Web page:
“The line between justice and injustice now runs through us. And while the long arc of the law bends toward justice, that bend is not inexorable. It is OUR responsibility—no one else’s—to ensure the law’s continued bend toward justice and to ensure that this justice is applied equitably,” said Forbes. “Because justice without equity is simply not justice.”
JD class speaker Katie Derrig (remarks at 59:13) also spoke about working toward justice.
“But being able to see an injustice and step forward to rectify it requires not only the skills that we have learned here, or our intelligence, or our experience; it also requires our compassion,” said Derrig. “Through the trials and tribulations of the last few years, I have experienced first-hand the level of compassion that each of you possess. The selflessness, and complete readiness to assist our peers in need, of so many of you is inspiring.”
JD class of 2021 graduate Paulene Abyeta (remarks at 1:04:24), introduced the virtual keynote speaker U.S. Secretary of the Interior Deb Haaland (remarks at 1:06:28). Abeyta served as a volunteer and community organizer for Secretary Haaland during her congressional term, and shared how inspirational Secretary Haaland has been and how her nomination acceptance speech is one of the most prominent moments in Native American history.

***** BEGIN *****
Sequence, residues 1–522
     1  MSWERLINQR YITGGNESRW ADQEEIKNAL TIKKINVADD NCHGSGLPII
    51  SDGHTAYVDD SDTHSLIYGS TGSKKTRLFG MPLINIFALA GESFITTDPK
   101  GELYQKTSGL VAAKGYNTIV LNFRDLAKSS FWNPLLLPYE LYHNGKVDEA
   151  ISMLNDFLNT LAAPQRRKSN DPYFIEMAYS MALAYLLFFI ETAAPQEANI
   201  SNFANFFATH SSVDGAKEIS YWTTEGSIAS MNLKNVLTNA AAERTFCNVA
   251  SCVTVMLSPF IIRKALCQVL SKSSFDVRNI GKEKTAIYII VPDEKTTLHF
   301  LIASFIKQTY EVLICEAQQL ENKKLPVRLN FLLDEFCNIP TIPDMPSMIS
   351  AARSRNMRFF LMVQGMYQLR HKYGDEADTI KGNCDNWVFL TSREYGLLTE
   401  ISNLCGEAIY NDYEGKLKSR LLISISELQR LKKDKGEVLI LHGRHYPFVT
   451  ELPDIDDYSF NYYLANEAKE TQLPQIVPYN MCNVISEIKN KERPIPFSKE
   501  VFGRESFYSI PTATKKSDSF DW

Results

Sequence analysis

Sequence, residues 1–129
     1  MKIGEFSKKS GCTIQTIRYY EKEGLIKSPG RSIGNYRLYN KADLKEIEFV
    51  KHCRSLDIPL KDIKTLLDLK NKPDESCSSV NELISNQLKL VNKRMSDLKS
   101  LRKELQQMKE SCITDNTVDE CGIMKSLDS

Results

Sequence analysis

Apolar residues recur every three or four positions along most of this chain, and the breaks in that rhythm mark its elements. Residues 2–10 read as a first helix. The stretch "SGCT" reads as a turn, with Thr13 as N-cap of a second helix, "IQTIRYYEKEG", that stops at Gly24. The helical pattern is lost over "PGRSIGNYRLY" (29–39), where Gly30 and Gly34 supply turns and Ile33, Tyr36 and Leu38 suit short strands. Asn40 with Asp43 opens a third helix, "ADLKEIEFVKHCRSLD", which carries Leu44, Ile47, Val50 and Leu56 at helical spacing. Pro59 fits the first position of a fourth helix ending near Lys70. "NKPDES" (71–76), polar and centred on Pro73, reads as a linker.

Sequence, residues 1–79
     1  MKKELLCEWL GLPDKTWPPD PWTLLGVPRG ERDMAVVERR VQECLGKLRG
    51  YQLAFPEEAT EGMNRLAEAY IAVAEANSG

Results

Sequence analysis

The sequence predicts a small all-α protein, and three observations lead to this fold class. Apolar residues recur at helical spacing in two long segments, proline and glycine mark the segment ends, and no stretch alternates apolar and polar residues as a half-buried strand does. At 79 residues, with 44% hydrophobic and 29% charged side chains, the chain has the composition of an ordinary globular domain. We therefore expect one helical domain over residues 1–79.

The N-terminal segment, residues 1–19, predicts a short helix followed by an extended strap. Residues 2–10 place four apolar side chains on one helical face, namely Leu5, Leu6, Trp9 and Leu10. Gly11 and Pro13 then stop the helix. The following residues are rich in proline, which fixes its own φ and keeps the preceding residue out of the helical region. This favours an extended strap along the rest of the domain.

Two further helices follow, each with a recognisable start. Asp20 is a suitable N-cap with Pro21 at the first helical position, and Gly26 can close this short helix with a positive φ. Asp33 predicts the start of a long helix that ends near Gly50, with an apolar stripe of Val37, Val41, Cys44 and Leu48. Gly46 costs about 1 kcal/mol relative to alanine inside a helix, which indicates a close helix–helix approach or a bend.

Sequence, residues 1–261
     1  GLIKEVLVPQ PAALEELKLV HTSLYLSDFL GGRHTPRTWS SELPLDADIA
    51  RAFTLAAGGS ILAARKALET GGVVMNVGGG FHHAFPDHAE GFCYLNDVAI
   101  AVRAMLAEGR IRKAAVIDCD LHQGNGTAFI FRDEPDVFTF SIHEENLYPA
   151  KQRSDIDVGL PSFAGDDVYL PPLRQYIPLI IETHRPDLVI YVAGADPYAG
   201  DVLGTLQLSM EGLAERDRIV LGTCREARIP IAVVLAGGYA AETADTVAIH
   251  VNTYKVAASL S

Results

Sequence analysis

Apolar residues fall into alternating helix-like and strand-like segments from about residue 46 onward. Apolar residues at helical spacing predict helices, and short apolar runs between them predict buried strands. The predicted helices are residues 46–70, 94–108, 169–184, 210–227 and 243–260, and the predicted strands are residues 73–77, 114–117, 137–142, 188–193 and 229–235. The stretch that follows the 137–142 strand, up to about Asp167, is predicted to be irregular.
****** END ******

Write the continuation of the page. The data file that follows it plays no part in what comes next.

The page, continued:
Secretary Haaland congratulated Arizona Law graduates and their families and reminded them that although graduation was a big step, it was just the beginning. She encouraged each graduate to find their passion and pursue it in order to build communities in a better country for future generations.
“With a law degree comes the power to advocate for those less fortunate, fix broken systems, fight for justice, stand up for the rule of law and follow due process,” said Haaland. “How you decide to use your experience here is entirely up to you.”
She asked graduates to remember what first motivated them to pursue a law degree and asked them to think about the issues that wake them up at night. Haaland shared how advocating for voting rights and making it part of her life’s work to ensure more Native people knew how and where to vote, lead her on a winding path from law school to where she sits today, as the first Native American in history to serve as a cabinet secretary.
Haaland concluded by asking graduates, “What is your passion for progress? How will you use your law degree from the James E. Rogers College of Law to pursue that passion for the good of all of us and our environment? Our country and our world are counting on you. Be fierce and don’t let anything hold you back.”